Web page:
“In Kennealy’s account there is so much bitterness and REWRITING OF HISTORY,
there is so much HATE and BITTERNESS in this book…”
Kathy Lisciandro: “I know that there were a lot of women that would be there for a weekend or even a day and then be gone.”
Frank Lisciandro: “And those seem to be the ones who write books, unfortunately.”
– Jim Morrison: Friends Gathered Together, by Frank Lisciandro, a close friend of Jim Morrison’s
Stephen Davis, author of Jim Morrison: Life, Death, Legend, on Kennealy’s “memoir”:
“Patricia Kennely later changed the spelling of her name to ‘Kennealy’, and retold and elongated her story in her 1993 memoir Strange Days, which described in uncanny detail an alternative Jim Morrison that no one else who knew him was able to recognize.
Her tone throughout the book is angry, venomous, secretive, and defensive. But she hedged about some of her bizarre claims by writing that she might have hallucinated the whole thing.
She also wrote that she was high on marijuana, cocaine, and tranquilizers during the period in question.
Former Elektra employees who knew and worked with both Jim and Kennealy can only vouch for her being at certain places at certain times, and for her claiming she was pregnant by him.
Over the years, Patricia Kennealy has inserted herself into Jim Morrison’s saga via the media, ﬁrst in No One Here Gets Out Alive, and then in Oliver Stone’s 1991 movie The Doors. ”
From ‘She Dances in a Ring of Fire‘ Tumblr blog:
“Okay, so, I just finished reading Patricia Kennealy’s book. Here are a few varied thoughts:
*98% of this book feels like pure bullsh*t. Jim Morrison was a very heavy drinker (even dear old Patricia says this a few times), behavior that is known to cause, amongst other things, lethargy and impotency. Yet, according to Kennealy, her and Jim’s sex life (something that she discusses redundantly) was fabulous all the time, and that he never, ever faltered in that department. I really wish that I could list off the countless other resources that have remarked on Jim’s alcohol related impotency.. namely Pamela herself and Paul Rothchild.
*Patricia seems utterly obsessed with Pamela Courson. Courson’s name is mentioned (on average) at least every 3 pages.
*Kennealy cannot seem to let go of how beautiful Pamela really was:
“Pamela Susan Courson, nine months younger than I, three years younger than Jim, is a staggeringly pretty woman.”
“By no means charmless, extremely pretty..”
“She was pretty, she was charming, and so on…”
“This must surely be the only alleged biopic [Kennealy’s reference to Oliver Stone’s film The Doors] ever made where the two real-life lead characters were far more beautiful than the two actors who portray them on the screen Though Val Kilmer and Meg Ryan are pretty enough, next to Jim and Pam they look like dull unattractive urchins with bad hair (wigs, but still).”
*The book is wholly self serving. I can’t find not one admitted flaw.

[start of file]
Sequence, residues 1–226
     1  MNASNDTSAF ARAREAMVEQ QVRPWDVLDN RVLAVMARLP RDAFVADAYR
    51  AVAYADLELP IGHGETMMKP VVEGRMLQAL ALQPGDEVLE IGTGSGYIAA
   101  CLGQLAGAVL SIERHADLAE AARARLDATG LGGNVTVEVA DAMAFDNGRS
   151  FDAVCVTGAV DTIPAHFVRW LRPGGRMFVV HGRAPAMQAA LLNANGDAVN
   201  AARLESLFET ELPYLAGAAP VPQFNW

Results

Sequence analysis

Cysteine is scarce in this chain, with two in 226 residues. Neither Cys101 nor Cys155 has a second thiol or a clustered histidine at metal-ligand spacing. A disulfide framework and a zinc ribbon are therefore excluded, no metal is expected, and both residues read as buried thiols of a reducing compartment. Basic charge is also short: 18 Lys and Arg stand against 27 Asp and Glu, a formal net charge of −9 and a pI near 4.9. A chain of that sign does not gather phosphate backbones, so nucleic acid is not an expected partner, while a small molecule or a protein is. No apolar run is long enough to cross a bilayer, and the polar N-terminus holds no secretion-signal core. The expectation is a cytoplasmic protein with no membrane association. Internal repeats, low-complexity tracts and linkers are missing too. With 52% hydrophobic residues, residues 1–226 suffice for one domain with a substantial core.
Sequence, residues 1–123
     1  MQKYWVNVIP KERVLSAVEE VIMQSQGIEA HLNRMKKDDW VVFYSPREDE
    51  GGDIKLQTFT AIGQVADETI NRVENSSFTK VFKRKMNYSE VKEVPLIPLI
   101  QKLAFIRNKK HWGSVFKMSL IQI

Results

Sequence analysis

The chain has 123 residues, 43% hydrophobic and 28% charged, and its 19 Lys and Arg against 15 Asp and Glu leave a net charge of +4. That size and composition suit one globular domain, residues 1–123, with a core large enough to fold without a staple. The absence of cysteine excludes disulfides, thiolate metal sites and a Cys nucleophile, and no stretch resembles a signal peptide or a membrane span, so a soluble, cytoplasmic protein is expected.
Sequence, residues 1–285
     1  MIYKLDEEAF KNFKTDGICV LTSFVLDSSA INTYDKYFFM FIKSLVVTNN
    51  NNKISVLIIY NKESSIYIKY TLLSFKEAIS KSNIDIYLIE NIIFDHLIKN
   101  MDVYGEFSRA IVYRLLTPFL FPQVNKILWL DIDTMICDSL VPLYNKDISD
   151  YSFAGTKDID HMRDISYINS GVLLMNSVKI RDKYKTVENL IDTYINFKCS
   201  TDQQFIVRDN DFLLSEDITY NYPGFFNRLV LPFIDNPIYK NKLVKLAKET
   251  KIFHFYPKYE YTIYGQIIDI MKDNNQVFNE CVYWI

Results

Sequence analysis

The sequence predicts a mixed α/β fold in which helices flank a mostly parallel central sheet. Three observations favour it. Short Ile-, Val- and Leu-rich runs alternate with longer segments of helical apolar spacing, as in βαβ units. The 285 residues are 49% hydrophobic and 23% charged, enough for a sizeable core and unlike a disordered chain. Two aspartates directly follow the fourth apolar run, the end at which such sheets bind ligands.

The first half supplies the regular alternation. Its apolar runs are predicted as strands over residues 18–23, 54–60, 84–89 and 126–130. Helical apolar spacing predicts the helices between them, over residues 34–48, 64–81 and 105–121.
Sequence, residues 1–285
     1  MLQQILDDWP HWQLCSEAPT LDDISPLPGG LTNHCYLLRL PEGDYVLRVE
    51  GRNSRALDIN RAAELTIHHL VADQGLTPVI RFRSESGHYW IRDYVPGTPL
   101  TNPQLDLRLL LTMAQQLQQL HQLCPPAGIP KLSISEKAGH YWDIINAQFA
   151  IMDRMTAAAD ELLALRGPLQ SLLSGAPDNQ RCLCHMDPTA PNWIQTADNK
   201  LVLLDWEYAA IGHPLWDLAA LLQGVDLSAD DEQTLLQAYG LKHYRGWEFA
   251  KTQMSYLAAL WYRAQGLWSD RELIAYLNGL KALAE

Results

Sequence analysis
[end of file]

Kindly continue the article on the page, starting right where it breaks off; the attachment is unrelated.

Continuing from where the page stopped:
*Patricia takes as many pot shots as she can at other Doors insiders, as well as the surviving Doors, Jim and Pam’s families.
And even his dog, Sage.
*Try as she may to discredit Pam’s intellect/worth as a human being.
– Patricia Kennealy, 2017
Janet M. Erwin, a former friend of Kennealy’s:
“I haven’t read Strange Days, nor do I intend to, but I’ve had parts of it read to me, enough to know it’s simply a further and ever more spiteful rearranging of reality.
Since its publication in 1992 Patricia Kennealy has continued to demonstrate what seems to me to be her utter lack of pride and her truly vicious, vengeful and greedy nature.”
And then there is Patricia Kennealy herself.
“There is also a certain interview that Patricia Kennealy really, really wants people to forget.
That is an interview she gave for the book Rock Wives: The Hard Lives and Good Times of the Wives, Girlfriends, and Groupies of Rock and Roll, by Victoria Balfour.
“Patricia doesn’t know how seriously Jim took the ceremony; ‘Probably not too seriously‘, but to her, going through the ceremony was ‘like being validated the way I wanted to be. It was a very private thing for me, a bond I wanted to make with this person’.”
“Patricia Kennealy reveals that she and Jim Morrison were wed, SORT OF, in a witch ceremony in 1970.”
“Patricia Kennealy has reasons for not wanting people to read Balfour’s Rock Wives. Very simple ones: this book was published five or six years before Strange Days and before Kennealy’s DRASTIC revision of her role in Jim Morrison’s life.”
Kennealy is trying to rewrite reality without recognizing that she can’t.
The Rock Wives interview and the contributions to past Morrison books won’t cease to exist because she wants them to.”
And in the Foreward of Kennealy’s “memoir” Strange Days even Kennealy admits that her “memoir” is NOT based on the truth, but based on the truth as SHE sees it, that the book is more about her own personal version of reality rather than fact.
“And that there is the biggest reason why people should not believe the epic romance Patricia Kennealy describes in Strange Days: because she herself debunked it.”
“If you timeline Patricia Kennealy’s Strange Days and compare Jim Morrison’s schedule you will find that Patricia spent less than a week and a half with Jim Morrison – days, not even a month, let alone a year.”
– music journalist and friend of Jim Morrison’s, Salli Stevenson
“I barely saw Jim hanging out with Patricia Kennealy and if he ever married her in some sort of Wiccan blood ritual, he never spoke a word about it to anyone I ever knew. Jim and Lynn once went to some sort of Ouija board seance thing with Alice Cooper, but they left early because Jim thought it was stupid. For a guy who always mocked astrology and spirituality and transcendental meditation, I can’t imagine him taking a Wiccan wedding even remotely seriously.”
“People are afraid of themselves, of their own reality.”
– Jim Morrison